Making a Will is not about wealth it is about making sure that what you want to happen to your estate does happen. It gives you the opportunity to specify such things as who will administer your estate, who will care for your children and who will receive specific items of your property.
Will-drafting is not for the faint-hearted. It requires careful thought and clear expression. The law relating to wills and succession is very complicated and the pitfalls for the unwary are numerous.
It is often said that lawyers make more money sorting out badly drawn home-made wills than they do making properly drawn wills for their clients.
There is a large element of truth in this. Generally speaking, wills are still drawn up by solicitors for a fixed fee, which is usually a lot less than the real cost of the time involved, particularly when the responsibility factor is taken into account.
In this website you will find examples of when a solicitor-drawn will is absolutely essential; for example, when you wish to protect children with learning difficulties or to set up tax-efficient trusts.
The BBC has some useful advice for potentials will makers, see http://www.bbc.co.uk/blogs/theoneshow/2009/11/how-to-write-a-will-and-a-chan.shtml
In other instances, you should be able to draw up a straightforward will if you follow the guidance in this site. Note though that, if you are in any doubt about your circumstances and what you wish to do, it is better to take professional advice.
The heartache and expense caused by badly drawn home-made wills invariably outweighs that caused by dying without any will at all.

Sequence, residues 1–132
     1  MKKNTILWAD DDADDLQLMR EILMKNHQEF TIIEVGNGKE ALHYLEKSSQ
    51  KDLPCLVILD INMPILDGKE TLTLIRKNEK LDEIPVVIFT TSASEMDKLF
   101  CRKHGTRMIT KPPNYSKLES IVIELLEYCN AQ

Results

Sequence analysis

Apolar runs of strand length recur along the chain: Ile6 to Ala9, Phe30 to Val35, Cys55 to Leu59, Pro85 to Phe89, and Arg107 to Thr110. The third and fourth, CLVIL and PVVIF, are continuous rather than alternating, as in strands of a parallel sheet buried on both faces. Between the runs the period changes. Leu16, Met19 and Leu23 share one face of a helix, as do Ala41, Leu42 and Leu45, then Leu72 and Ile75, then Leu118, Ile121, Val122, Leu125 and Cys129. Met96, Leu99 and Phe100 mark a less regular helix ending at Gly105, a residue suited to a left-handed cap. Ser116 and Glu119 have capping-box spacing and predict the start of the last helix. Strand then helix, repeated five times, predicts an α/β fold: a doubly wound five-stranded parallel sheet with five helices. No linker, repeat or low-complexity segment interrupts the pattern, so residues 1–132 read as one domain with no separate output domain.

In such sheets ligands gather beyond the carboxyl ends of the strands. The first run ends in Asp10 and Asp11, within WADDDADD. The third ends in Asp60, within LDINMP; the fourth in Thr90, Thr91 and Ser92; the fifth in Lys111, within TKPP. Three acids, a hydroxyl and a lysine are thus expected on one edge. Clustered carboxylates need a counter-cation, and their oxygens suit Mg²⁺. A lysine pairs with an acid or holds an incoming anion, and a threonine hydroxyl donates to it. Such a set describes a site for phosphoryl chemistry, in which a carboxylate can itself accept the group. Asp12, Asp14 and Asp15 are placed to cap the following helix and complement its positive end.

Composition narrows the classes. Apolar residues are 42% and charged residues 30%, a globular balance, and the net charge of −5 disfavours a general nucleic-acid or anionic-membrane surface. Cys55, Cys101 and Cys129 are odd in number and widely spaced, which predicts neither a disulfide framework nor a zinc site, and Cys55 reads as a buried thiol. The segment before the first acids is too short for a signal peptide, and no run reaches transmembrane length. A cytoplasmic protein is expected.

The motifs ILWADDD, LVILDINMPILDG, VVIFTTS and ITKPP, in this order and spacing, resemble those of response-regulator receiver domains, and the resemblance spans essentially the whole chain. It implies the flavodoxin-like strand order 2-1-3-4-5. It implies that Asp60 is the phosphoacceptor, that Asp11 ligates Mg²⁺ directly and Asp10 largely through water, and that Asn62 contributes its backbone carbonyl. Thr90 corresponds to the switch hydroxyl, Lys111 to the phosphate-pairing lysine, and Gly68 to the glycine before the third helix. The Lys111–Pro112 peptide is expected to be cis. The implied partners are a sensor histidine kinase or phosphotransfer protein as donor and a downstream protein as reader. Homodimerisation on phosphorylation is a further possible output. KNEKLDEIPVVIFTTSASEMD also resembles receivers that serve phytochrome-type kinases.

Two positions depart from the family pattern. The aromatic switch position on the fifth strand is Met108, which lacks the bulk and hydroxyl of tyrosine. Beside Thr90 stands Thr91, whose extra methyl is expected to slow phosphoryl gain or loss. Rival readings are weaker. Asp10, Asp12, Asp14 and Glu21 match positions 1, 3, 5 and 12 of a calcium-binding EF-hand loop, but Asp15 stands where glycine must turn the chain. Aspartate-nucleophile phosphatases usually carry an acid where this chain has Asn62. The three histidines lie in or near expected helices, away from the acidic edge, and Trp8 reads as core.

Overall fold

By professional advice I mean a solicitor and preferably one who is a member of The Society of Trust and Estate Practitioners (STEP for short). There are numerous companies who advertise will-writing services.
Quite often these are attached to companies selling insurance or financial services who are actually more interested in selling you their products than giving proper advice on your will. In essence, the low-cost will is a loss-leader.
The wills produced by these companies tend to vary greatly in quality; some do produce wills of a reasonable standard but others are poorly drafted. Some of these companies do use solicitors to do the actual drafting but others don't.
In fact, there is no requirement for the will-drafters to have any legal training at all. Some years ago I requested details of a franchise from a will-writing company as the firm I worked for was anxious to assess the apparent competition.
It appeared that the idea was to provide a computer with a bank of clauses and hope that the basic training given enabled the will-writer to assemble a selection of clauses into a viable will.
In short, standards of training and competence vary greatly and there is no easy way for the prospective customer to assess these things.
Other points to look out for, if approached by one of these companies, are that they frequently charge a storage fee for keeping your will safe and will often push to have themselves made executors. There are times when professional executors are a good idea but, again, a STEP member is the better choice.
This will be covered in a later in the site. Like solicitors, will-writing companies carry insurance against claims for negligent work but the value of this does depend on the company still being in existence when the time comes.